In “The Incident,” the show forces Juliet Burke to admit that her time with Sawyer was worthless. Just by the way Sawyer looked at Kate and called her “Freckles,” she’s ready to dismiss the previous three years of what seemed to me like a match between equals. Flawed equals? Perhaps. Delusional equals? About their fantastical surroundings, sure. But to have a character with Juliet’s strength essentially wilt in the face of freckled competition cheapened nearly every character associated with this storyline. “What we had, it was just for a little while, and just because we love each other, it doesn’t mean that we’re meant to be together,” she told Sawyer, in a line that made me throw more than a Hot Pocket at the nearest wall. Ugh.
And here’s the rub: none of this is Kate’s fault. None. Call it “Lana Lang Syndrome,” wherein the writers of a show get an unnatural infatuation with a character that blinds them to the harm said character is doing to the show. For years, Lana Lang single-handedly made “Smallville” borderline unwatchable, as week after week the writers reminded us that Clark Kent and Lex Luthor merely orbit around the freakin’ sun of suck that is Lana. (“Dollhouse” suffers a similar, if less crippling, effect due to Whedon’s inability to see that Eliza Dushku is the lead of the show and yet the least interesting thing on it.)
When commenters used Darlton’s praise of Kate Austen as proof I should shut my yapper and get on The Kate Express, I didn’t doubt that the writers believed the positive things they said about her character. All I’m saying is that they might be looking through slightly rose-tinted glasses. The character they describe is not the character I see. This isn’t unique to Kate, either on “Lost” or in any form of popular media. Musicians love songs that other people hate all the time. Garth Brooks thought “Chris Gaines” was a good idea, people. Kate isn’t Chris Gaines, but she’s not the center of the “Lost” universe that the show made her in “The Incident,” either.
Remember, Kate’s goal in coming back was NOT to end up breaking apart a nominally happy couple and then cause a man to detonate a hydrogen bomb in her honor. That plan reeks of Shannon, but not Kate. Kate came back for an incredibly noble and singular purpose: to rescue Claire. The fact that she actually took NO STEPS AT ALL TO DO SO UPON RETURNING isn’t a reason to hate the character, either. She can’t do more than is written upon the page. Clearly it’s a Season 6 plot point, held off in order to get through the Dharma storyline first, but to get through that storyline the writers had to apparently blow up the freakin’ Island.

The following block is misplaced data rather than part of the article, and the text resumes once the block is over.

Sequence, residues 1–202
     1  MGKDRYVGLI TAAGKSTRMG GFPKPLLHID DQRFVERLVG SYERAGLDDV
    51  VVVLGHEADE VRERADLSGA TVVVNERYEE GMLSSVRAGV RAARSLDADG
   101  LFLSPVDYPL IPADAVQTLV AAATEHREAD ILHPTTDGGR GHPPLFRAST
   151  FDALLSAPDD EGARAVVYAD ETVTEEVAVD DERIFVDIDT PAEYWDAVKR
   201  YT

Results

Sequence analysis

Remember: she only agrees to go along with Jack’s plan because she sees it as the best way to reunite Claire with Aaron. That’s the selling point that convinces her. It’s not to get another shot with Sawyer or Jack. I’d love to think that Jughead not only hurtles those in 1977 back to the present day, but also hurtle these three past what is now, ostensibly, a love triangle. But I’m willing to bet that The Man in Black will use Sawyer’s grief against him, perhaps turning into a Palpatine-type figure convincing Sawyer’s Anakin to work with him for the chance of cheating death and getting Juliet back.
Here’s my hope for the love triangle/quadrangle/rhombus/etc. for Season 6: that it serve the story, not dominate it. These relationships need to inform the actions these characters take, not stop them dead in their tracks. While “Lost” shouldn’t sacrifice character for story, it also shouldn’t waste time in an already too-short Season 6 with another go round of “Who will she choose?” After all, Kate’s already chosen.
She’s chosen to reunite Claire with Aaron. And tomorrow, we’ll look at that decision in depth.